Bill Todd -- Klaus: A Railway Novel
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 Chapter 17

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Cincinnati, early September, 1936

Idyllic as the days were with Malice in her shambling overgrown garden, full of secret places for Charlotte and Klaus to enjoy their second honeymoon, probably the first real one, Marie-Claude was given to understand that the Cincinnati, Lebanon, and Northern, Klaus' first wholly owned railway, needed attention.

Having squeezed into a taxi on their arrival in Cincinnati, Charlotte began to explain to Marie-Claude,

"There's a strange man named Frank Scrutt living in our house."

Hans interrupted,

"He isn't strange. He's a good railroad man."

Klaus mediated,

"He's a good railroad man whom I hired away from the B&O to run the C, L, and N. I also moved him into the unused part of the house so we could stay in touch easily. But he's unusual in other ways."

Charlotte said to Marie-Claude,

"He's a former East Prussian aristocrat who's become, for all practical purposes, a grease monkey."

Marie-Claude found her curiosity aroused. She certainly didn't want to have anything to do with any grease monkeys, but she thought that Charlotte must have exaggerated. A man who had been put in charge of even a small railway wouldn't be crawling under locomotives with a wrench. And then, too, no aristocrat could ever totally expunge his origins, no matter what he did.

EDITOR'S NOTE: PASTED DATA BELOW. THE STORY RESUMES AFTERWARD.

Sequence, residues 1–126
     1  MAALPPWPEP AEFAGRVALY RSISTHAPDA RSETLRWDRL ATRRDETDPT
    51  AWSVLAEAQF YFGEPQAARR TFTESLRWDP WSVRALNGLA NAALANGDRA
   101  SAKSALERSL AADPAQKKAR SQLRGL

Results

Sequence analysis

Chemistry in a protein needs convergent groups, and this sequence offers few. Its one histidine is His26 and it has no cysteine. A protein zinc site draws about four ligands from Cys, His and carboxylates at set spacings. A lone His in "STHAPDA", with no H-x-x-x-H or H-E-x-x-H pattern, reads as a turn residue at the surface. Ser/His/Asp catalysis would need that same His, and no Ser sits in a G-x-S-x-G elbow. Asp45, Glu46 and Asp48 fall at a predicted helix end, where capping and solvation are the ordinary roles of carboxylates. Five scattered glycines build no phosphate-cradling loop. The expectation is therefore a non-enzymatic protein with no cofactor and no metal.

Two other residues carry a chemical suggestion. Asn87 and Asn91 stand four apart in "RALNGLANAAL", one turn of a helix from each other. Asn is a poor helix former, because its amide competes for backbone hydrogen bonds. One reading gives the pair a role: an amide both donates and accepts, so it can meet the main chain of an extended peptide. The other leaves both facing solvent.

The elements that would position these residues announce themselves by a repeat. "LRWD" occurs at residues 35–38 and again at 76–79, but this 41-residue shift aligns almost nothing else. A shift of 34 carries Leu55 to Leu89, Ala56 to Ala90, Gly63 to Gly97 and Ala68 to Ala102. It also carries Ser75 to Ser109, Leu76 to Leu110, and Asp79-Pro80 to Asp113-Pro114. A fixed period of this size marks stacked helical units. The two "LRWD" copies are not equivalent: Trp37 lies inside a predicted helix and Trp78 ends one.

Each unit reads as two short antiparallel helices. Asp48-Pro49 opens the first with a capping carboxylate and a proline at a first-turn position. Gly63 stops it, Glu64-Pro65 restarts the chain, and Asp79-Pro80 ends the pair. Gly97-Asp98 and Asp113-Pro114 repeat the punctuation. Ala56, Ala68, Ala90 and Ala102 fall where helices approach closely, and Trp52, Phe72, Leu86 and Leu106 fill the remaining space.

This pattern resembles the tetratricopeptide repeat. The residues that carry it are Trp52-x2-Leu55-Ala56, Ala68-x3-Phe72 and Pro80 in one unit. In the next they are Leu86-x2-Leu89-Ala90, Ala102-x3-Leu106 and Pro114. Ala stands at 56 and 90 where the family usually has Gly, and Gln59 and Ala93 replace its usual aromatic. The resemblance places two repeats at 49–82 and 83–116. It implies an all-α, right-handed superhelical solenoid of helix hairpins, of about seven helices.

When they arrived, the house was open, but appeared to be deserted. Then, on looking out through the French windows to the cleared space behind the house, they saw two men surrounded by weight-lifting equipment. Both men were stripped to the waist and Marie-Claude recognized one of them as the Seydlitz chaffeur, Martin. The other, standing with his feet apart and making horrid noises, was just managing to raise a bar with enormous weights on its ends up in front of his face. Then, grimacing in a particularly unpleasant way, he got it up above his head with his arms extended.

Poised there for a moment, he broke into a smile that was hardly better than the grimace, dropped the bar with a great thunk on to the grass, and said something indistinct to the other. It was almost certainly obscene.

Martin was embarrassed when he realized that the family had returned, and immediately put on his shirt. The other, who could only be Scrutt, called to Klaus and Hans to come out and join him. To her astonishment, Klaus dropped his jacket on a chair and proceeded to do so. Hans had already picked up a pair of dumb-bells. Charlotte said to her,

"Wasn't I right?"

Marie-Claude had to admit that she was. She hardly knew what to think of a man who lifted weights. Her husband wouldn't have dreamed of doing such a thing, and she doubted that a Prussian militarist would be any more likely to do so. While Klaus was so much a gentleman that he could be pardoned for doing almost anything, it looked as if such things came naturally to Scrutt.

Marie-Claude did notice that Scrutt was fairly tall with a well-shaped head and face. But nothing else was right. What could be seen of his clothing was deplorable, and not even very clean. Even worse, a casual glance indicated that he was a standing affront to everything that was respectable, elegant, and civilized.